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Being Out and Being Muslim

Often, individuals who identify as non-heterosexual are found in the fringes of not only societies, but communities and families as well. They are often over-looked and cast aside as individuals that have a place only in the margins of society, safe in the outer-realms of our comfort zone. When homosexuality enters the sphere of religion they are told that their sexual orientation is a sin and will face serious consequences in the afterlife.

The branding of homosexuality as “evil” has kept many people living a double life: by day they are pious and by night they are pious and homosexual. One of the most challenging spheres for sexual freedom is in Islam.

Enter imam Daayie Abdullah. Imam Abdullah is the only openly gay imam — a Muslim community leader — in North America.

Raised a Southern Baptist, Abdullah was introduced to Islam through his contact with the Uighur population, a portion of Chinese society that has a longstanding Muslim tradition. A student of both Chinese and Arabic, Abdullah attended a prayer service one Friday evening and it made perfect sense to him: Islam was the path he was looking for. He professed his faith upon his return to America a few years later.

Imam Abdullah has spent over the last 10 years trying to bridge a gap between Islam and homosexuality. He has experienced trouble from both conservative Islamic groups and anti-gay groups. His interpretation of Quaranic verses has aided in bridging this gap.

“To be gay and Muslim, at times, people will say that it is an oxymoron. But in actuality, it’s a formulation that shows the diversity within Islam; that people can be a variety of backgrounds. The Quran says to look to the nature of the world. And from that, you can see the diversity and understand that Allah’s understanding of the world and the universe in which he created is full of diversity; but you find the oneness, the tauheed unification of all, through those various diverse aspects.”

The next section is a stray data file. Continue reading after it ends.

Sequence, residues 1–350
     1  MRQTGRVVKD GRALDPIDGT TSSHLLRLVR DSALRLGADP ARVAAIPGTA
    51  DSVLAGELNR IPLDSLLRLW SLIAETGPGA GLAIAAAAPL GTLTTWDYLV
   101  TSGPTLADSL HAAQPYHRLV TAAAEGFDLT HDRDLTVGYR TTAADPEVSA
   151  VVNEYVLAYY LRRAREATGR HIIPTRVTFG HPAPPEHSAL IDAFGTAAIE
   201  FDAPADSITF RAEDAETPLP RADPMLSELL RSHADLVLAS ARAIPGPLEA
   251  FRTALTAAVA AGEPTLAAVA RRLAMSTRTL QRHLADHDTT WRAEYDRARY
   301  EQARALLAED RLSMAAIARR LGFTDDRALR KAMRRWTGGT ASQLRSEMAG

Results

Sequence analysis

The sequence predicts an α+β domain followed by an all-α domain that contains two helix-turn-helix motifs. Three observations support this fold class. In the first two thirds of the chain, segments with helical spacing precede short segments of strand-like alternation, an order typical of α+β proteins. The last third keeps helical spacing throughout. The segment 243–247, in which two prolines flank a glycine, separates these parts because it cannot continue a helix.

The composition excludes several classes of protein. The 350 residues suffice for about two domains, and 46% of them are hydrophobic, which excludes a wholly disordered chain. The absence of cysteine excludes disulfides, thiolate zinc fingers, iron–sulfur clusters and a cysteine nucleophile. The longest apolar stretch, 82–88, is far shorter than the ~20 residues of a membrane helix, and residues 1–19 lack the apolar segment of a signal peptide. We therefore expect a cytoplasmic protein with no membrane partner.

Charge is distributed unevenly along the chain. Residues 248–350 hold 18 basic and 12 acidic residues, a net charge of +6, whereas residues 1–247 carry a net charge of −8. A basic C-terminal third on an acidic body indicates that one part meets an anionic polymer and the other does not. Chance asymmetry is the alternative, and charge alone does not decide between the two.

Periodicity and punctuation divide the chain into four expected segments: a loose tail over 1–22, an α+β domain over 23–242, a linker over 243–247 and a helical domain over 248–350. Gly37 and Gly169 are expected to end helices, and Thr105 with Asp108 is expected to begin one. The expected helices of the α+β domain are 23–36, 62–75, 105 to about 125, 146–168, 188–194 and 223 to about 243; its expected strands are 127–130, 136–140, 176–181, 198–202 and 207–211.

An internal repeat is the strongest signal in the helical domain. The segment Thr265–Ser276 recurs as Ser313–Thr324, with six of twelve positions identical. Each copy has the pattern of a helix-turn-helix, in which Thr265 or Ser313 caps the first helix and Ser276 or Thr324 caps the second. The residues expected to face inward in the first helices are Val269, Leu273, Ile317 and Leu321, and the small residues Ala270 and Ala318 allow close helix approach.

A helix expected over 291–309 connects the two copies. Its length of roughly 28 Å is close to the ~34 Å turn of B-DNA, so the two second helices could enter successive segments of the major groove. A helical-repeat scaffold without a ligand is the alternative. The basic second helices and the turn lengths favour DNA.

Over time he began to embrace this diversity and elected himself as a leader that provides a voice for minority peoples within Islam. This has led Imam Abdullah to perform interfaith marriages — between a Muslim and non-Muslims — as well as interracial marriages. He has even performed the funeral rites for a closeted Muslim man who died of complications from HIV. The young man was unable to have a traditional Islamic funeral based on Sharia law because of his sexual orientation.

Imam Abdullah believes outspoken, openly-gay Muslims within the Muslim community are the only way to raise awareness of the gay minority within the faith.

“It’s not for them to agree with me, or for me to disagree with them. It’s for them to understand that we have a voice, the gay and lesbian community have a voice,” he says.

Imam Abdullah is a member of the National Gay and Lesbian Task Force Religious Leadership Roundtable, founder of the Al-Fatiha Foundation, and moderator for an openly gay internet message board. He resides with his partner in Washington, D.C.

This article was first published on MuslimVoices. Rosemary Pennington Program Coordinator for Voices and Visions is a graduate student in the School of Journalism at Indiana University.



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